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Good morning, Broadsheet readers! Scam artists impersonate MacKenzie Scott, Simone Biles ditches Nike for Athleta, and Chloé Zhao makes history at the Oscars. Have a great Monday.
– And the winner is. Last night brought us an unusual Oscars ceremony, with nominees scattered at tables at a train station, jokes eschewed for biographical fun facts, and an anticlimactic closing award. But there was an upside to the ceremony—one that could even be considered unusual, too, given the Oscars’ history awarding female filmmakers.
Chloé Zhao took home the best director award for her best picture-winning film Nomadland, making her the first woman of color and just the second woman to ever win the directing award in 93 years of Oscar history. She competed against Promising Young Woman director Emerald Fennell in the category, marking the first time two women have been nominated for best director in the same year. It’s worth noting, too, that Zhao’s win is the first time the directing award has gone to a woman for a movie about a woman (in this case, the character played by best actress winner Frances McDormand); the only other female best director winner was Kathryn Bigelow for the male-driven Iraq War drama The Hurt Locker.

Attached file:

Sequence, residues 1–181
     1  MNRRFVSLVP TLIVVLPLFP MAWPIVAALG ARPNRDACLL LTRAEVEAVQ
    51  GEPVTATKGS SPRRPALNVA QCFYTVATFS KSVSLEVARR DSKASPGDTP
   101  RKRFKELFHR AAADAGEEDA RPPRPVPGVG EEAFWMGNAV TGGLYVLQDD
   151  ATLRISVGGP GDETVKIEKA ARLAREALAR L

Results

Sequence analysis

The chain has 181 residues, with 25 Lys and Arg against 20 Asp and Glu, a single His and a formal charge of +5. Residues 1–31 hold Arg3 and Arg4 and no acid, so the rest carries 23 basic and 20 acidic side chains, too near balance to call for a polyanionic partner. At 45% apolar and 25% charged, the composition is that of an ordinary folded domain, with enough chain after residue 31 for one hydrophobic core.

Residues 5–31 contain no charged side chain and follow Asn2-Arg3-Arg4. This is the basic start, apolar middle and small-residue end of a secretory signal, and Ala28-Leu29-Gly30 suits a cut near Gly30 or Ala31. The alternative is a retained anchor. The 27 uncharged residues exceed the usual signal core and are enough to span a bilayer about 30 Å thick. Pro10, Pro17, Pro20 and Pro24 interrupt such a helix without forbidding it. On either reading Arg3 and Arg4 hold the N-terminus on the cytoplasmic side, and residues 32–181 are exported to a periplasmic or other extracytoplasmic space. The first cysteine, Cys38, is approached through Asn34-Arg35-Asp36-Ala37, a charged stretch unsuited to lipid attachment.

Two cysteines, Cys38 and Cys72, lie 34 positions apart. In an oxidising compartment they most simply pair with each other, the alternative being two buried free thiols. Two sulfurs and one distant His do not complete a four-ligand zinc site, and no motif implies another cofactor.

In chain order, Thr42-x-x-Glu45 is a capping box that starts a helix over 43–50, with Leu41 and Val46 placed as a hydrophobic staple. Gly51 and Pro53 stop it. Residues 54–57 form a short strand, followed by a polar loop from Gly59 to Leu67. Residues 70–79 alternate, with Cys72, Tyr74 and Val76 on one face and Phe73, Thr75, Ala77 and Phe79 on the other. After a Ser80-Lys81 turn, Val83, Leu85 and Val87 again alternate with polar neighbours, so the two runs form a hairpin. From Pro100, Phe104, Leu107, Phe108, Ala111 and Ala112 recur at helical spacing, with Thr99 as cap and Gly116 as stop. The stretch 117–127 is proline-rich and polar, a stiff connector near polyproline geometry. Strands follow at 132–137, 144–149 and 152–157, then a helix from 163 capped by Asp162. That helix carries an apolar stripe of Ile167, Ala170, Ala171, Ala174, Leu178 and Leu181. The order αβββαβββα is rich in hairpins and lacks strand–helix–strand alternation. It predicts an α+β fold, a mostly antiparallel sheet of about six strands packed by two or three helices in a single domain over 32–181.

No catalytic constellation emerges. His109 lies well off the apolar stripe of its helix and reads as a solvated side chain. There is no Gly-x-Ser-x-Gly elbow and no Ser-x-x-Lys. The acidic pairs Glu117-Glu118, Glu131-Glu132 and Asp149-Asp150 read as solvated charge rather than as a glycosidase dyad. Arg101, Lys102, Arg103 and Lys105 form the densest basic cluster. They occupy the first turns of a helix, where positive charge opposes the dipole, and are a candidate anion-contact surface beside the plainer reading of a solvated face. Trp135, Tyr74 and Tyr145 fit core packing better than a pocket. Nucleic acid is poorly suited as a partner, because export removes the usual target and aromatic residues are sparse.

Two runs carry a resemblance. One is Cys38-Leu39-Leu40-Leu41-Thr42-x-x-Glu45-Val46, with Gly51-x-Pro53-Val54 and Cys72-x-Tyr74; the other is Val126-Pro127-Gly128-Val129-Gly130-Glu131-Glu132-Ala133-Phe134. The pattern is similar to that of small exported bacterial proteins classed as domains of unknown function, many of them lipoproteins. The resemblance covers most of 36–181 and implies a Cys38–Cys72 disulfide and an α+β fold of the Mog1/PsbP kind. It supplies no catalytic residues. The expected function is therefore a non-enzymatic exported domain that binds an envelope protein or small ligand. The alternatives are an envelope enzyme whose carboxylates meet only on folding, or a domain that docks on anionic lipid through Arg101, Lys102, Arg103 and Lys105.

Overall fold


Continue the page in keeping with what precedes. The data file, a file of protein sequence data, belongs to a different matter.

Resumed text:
The win cements Zhao’s status as one of the most in-demand directors in Hollywood; her next major project is a big-budget Marvel movie. Wearing her signature braids and a pair of sneakers, Zhao quoted a classic Chinese poem in her acceptance speech that translates to “people at birth are inherently good.” (Her speech, however, was censored in China.)
There were a few other highlights from the night. Ann Roth won the costume design award for Ma Rainey’s Black Bottom—and at 89, is the oldest woman to win an Academy Award and the second-oldest person to do so (the record-holder has her beat by just over 90 days). Yuh-Jung Youn, 73, stole the show with her acceptance speech for her best supporting actress win for her role in Minari. “Mommy worked so hard,” she said, addressing her two sons who “made me go out and work.” Between those two awards and McDormand’s win, the Academy chose to honor older women throughout the night (notable when you consider the average age of a best actress winner: 36).